Smart home shows how residents can ‘age in place’ – PHOTOS

Las Vegas homes are becoming smarter by the day and that’s allowing people to better track and handle daily functions and many elderly residents to age in place.

The concept continues to grow in popularity, and Cox Communications has a campaign touting how Wi-Fi and internet connectivity are changing how people lives. It even partnered with KB Home to showcase the technology to potential buyers in the Desert Mesa neighborhood of North Las Vegas.

The smart home features more than 60 internet-connected smart devices that showcase cutting-edge technologies for smart living, all while demonstrating how broadband is changing the way people live, work, learn and play, according to Ryland Madison, director of product marketing for Cox Communications.

“Today, the average home has 10 connected devices and by 2020 people are going to have on average a little more than 50 connected devices in their homes,” Madison said. “This is picking up pace for folks on the cutting edge. People have some of those pieces, today, but we’re looking at in the next two years; the general population will start getting those devices and putting them in their homes.

That’s why we’re making sure we have an ultrafast network with pristine connectivity. Over the last 10 years we have invested $15 billion and over the next five years we plan to invest an additional $10 billion nationwide to make sure that network is there to support all of those devices.”

Brian Kunec, president of KB Home in Las Vegas, said buyers want the option of smart home technology incorporated into homes during the building process. By having a base-level connectivity that empowers people to integrate specialized products and services that enhances their lives, he said.

Through home Wi-Fi, people can control via a phone app everything from thermostats, television recordings, lighting, blinds and other devices that are Wi-Fi enabled. That ability has even spread to the kitchen where a Wi-Fi compatible crockpot can be remotely controlled with an app, enabling the user to start, pause and stop cooking and control the temperature with the touch of a button. Users even receive notifications on their device when the dish they are cooking is complete.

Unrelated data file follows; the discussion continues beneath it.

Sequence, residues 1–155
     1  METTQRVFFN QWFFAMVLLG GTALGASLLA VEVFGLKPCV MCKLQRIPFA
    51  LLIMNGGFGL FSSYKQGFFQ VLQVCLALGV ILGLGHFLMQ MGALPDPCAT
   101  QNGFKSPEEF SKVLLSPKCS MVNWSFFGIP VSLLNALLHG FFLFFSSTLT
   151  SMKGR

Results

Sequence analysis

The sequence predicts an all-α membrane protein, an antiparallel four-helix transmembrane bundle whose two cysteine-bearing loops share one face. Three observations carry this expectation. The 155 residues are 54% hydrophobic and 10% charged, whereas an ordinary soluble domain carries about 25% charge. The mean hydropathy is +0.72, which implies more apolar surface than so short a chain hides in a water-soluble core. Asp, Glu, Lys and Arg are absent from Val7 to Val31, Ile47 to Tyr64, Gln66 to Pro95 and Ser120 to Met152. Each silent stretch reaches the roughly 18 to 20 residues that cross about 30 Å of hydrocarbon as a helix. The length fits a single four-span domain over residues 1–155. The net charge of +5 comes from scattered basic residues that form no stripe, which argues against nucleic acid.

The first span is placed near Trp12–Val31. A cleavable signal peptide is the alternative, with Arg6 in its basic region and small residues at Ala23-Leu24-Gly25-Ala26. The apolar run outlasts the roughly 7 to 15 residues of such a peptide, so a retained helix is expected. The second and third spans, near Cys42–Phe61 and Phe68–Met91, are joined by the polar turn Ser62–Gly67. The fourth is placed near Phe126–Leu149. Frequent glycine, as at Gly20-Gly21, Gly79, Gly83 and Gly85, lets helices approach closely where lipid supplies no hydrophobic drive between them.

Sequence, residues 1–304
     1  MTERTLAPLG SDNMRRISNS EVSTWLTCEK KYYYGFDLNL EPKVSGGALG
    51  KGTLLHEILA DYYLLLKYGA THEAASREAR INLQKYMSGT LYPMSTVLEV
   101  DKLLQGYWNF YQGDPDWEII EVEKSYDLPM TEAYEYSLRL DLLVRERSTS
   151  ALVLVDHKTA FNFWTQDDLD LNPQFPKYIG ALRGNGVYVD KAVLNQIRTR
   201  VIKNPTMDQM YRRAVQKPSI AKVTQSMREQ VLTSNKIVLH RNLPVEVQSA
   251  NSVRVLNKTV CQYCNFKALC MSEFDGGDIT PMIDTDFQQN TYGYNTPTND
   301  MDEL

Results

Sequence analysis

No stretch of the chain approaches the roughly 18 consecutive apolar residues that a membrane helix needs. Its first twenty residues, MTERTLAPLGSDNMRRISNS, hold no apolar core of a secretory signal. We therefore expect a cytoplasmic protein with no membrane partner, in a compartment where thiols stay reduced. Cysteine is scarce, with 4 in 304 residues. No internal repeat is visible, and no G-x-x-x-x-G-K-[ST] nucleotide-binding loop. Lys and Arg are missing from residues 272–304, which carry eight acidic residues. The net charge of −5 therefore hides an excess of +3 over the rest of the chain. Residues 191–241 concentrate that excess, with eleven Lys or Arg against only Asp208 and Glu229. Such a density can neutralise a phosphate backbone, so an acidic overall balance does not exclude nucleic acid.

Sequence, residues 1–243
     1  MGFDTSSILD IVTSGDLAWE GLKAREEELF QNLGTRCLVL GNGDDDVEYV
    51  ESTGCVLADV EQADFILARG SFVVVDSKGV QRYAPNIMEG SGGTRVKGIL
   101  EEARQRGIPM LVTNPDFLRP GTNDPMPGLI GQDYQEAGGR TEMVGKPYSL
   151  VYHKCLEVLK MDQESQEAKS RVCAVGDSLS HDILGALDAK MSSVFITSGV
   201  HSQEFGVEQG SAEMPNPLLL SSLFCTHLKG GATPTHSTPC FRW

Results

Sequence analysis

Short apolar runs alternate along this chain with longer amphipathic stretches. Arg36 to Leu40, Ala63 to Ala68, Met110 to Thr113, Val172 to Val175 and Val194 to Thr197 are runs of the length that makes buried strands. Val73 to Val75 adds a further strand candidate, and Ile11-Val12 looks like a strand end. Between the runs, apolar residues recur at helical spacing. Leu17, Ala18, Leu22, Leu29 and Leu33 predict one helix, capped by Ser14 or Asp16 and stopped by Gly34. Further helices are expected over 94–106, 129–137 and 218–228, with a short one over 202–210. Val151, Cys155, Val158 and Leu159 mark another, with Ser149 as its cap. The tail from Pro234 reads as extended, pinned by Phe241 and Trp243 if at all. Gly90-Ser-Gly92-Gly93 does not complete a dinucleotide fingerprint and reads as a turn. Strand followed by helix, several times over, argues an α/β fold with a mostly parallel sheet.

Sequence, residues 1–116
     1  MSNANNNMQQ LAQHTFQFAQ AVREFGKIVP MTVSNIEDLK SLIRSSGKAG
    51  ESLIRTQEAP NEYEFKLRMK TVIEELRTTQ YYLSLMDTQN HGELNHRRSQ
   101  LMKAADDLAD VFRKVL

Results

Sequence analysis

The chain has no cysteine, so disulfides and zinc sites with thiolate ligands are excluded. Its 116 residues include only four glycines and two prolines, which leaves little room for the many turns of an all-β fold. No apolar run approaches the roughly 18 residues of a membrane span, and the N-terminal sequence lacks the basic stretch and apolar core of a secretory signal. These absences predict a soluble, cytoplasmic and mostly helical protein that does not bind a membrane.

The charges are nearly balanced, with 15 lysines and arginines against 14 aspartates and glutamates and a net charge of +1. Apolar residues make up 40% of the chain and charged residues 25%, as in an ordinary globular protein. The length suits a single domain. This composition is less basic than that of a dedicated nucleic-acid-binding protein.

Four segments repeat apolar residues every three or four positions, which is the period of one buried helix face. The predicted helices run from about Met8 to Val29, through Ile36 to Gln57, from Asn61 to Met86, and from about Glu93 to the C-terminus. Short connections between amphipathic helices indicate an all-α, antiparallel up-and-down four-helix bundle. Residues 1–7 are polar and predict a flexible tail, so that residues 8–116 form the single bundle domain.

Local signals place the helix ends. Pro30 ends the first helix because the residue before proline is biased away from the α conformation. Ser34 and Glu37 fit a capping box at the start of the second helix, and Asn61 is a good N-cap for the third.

Even scales and medical devices can send readings to the internet that medical professionals could access for health care maintenance. The wall-to-wall Wi-Fi costs $9.99 a month for those with Cox internet service.

Cox even jumped into home automation market earlier this year by offering a recording security camera, door sensor and light for $265 that is part of service for $19.99 a month that can be accessed remotely. The cable provider saw opportunity with only 15 percent of homes having such home security service, Madison said.

“Some of this stuff has already been out there, but what we have done is provide all of the pieces,” Madison said. “You control the thermostats as well as your lights, and you can set alarms on your doors and windows. We’re gluing it all together as a one-stop shop. By having all of that under one umbrella and one application and one provider really makes putting the pieces together much easier.”